Summer vacation was finally here, so I traveled back home to spend time with my family. At this point, having lived abroad for almost two years, I found it difficult to sit still. I was accustomed to constantly being up on the go; I needed another challenge. This time, I had my sights on Asia, which I never traveled to before. I had the opportunity to connect with a scientist at the University of Tokyo in Japan. After leaving Dr. Peichl’s lab a few years ago, I still had many questions regarding biological magnetoreception. By visiting Dr. J. R. Woodward’s lab in Tokyo, I was hoping his unique microscope would offer some answers. Currently in Japan, the information I have gained during this internship has broaden my research interest. Hopefully, I can expand on such ideas in the future.

Looking back, I understand why they were so hard on us. My parents were just trying to open up doors for my siblings and I, and having an education was the key. Pushing us was their way of preparing us for the challenges we would encounter in the future. The biggest lesson they taught me, was that if I wanted to achieve my goals, I needed the perseverance to invest in myself. Whatever you choose to do, nobody is going to care more other than yourself. As a young individual faced with challenges, I think it’s important to take risk as well. All of my accomplishments so far attest to this statement. If I did not take the risk of leaving home when I was 18 years old to attend university, I would have never been awarded the scholarship to go abroad during my senior year. While studying at Jacobs University, it was here when one of my professors referred me to the MPIBR in Frankfurt, leading to an internship with Dr. Peichl. After growing strong interest for the brain, I decided to pursue a master’s degree in neuroscience. The new tools I learned during my first year helped me generate ideas suitable for my time in Japan. Over the years, I have learned that its better to embrace a new challenge instead of running away from it. If I had ran away each time, I would not be where I am today.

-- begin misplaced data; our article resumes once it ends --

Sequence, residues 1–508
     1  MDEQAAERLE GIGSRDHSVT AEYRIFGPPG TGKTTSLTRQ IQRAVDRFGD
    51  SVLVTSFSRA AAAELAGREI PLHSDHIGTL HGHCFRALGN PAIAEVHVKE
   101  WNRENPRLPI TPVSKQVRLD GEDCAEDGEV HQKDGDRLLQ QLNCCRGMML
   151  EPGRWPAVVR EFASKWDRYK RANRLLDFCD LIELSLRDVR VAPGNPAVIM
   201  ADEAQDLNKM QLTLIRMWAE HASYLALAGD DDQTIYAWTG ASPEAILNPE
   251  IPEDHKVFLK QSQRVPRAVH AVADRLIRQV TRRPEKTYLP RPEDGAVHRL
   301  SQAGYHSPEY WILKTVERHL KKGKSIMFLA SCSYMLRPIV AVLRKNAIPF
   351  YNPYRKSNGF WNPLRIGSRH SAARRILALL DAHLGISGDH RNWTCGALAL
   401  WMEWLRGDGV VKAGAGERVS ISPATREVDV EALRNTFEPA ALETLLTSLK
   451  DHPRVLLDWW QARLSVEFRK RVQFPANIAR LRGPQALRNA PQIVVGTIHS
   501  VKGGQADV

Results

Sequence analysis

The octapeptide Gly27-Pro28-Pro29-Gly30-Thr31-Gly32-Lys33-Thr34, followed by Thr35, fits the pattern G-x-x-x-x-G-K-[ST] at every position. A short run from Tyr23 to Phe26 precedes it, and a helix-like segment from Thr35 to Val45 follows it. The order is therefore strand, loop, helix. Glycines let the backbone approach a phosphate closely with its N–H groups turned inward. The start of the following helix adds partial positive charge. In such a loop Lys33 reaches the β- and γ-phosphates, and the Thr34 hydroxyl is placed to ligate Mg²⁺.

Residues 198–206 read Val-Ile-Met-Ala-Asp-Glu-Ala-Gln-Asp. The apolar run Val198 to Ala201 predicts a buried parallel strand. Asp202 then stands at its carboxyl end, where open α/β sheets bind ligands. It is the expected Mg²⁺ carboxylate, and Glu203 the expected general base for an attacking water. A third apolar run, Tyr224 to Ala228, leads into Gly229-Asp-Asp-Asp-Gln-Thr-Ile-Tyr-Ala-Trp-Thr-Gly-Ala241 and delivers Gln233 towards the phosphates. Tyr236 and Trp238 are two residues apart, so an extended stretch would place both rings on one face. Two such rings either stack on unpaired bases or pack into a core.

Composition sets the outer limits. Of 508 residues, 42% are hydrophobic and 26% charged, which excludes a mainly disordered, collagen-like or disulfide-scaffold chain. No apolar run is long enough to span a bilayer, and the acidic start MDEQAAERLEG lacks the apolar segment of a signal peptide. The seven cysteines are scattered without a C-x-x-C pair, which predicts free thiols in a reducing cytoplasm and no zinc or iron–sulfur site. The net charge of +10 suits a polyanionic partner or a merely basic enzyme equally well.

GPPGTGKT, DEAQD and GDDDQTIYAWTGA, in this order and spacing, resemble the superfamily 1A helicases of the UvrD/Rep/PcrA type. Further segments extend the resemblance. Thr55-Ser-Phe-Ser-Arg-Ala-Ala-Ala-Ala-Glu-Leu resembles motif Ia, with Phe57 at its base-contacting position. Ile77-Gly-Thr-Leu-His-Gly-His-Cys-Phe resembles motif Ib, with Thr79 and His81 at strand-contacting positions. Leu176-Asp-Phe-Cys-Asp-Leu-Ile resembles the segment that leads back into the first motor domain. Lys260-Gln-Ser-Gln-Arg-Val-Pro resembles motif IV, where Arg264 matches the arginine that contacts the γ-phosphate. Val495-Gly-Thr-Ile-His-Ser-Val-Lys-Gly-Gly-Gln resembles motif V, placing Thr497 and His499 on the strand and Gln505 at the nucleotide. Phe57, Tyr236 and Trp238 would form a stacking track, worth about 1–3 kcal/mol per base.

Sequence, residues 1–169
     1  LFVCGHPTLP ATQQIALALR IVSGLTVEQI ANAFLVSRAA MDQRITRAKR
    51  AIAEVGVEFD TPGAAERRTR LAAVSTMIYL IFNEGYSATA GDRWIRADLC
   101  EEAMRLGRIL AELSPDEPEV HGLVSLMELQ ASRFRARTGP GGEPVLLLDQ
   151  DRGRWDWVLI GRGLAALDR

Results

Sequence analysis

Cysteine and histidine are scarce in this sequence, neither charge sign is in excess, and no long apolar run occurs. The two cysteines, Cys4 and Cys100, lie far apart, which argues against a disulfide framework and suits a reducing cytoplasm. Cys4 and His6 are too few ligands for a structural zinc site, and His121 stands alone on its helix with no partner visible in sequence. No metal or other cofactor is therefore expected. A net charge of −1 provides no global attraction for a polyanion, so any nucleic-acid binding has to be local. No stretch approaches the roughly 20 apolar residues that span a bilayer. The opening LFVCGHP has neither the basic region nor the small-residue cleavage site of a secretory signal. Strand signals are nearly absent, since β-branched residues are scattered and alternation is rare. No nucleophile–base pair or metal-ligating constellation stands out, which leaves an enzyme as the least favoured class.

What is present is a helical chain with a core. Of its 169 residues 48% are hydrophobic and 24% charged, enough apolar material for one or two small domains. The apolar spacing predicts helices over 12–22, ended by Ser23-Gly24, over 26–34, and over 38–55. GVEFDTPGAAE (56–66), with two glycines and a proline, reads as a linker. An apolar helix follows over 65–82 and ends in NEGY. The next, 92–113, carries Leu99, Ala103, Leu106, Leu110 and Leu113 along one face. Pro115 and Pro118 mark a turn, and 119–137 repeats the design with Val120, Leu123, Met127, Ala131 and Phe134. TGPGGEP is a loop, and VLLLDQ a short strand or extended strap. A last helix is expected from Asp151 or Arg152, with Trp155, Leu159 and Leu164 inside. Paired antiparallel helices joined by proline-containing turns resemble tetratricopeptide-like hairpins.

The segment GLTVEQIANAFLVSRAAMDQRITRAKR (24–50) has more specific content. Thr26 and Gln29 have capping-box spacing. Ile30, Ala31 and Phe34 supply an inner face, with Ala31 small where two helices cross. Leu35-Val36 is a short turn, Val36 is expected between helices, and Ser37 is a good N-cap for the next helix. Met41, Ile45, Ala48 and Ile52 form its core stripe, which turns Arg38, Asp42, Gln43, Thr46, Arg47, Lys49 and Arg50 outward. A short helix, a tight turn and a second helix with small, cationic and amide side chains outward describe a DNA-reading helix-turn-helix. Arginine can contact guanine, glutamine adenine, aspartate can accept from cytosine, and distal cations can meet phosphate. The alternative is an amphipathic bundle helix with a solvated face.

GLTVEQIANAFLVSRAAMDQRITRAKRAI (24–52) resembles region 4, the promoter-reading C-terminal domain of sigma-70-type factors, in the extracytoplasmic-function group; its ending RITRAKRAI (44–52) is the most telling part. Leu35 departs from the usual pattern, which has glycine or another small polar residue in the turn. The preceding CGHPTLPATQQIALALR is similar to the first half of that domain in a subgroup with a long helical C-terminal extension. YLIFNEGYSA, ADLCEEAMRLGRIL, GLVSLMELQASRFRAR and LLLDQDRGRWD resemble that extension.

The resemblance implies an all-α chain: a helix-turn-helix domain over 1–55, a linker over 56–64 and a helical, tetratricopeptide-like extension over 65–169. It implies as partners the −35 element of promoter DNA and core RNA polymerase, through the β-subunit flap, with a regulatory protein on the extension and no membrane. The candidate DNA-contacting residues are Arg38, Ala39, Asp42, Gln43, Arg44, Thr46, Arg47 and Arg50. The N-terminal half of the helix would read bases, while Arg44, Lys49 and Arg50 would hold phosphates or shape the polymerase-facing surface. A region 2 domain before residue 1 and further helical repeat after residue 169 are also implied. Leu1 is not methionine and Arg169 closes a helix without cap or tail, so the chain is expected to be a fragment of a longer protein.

Whenever I tell people I am from Seattle, their first association with the city is the Space Needle. Located in the heart of Seattle, this large structure always reminds me of home.

Whenever I tell people I am from Seattle, their first association with the city is the Space Needle. Located in the heart of Seattle, this large structure always reminds me of home.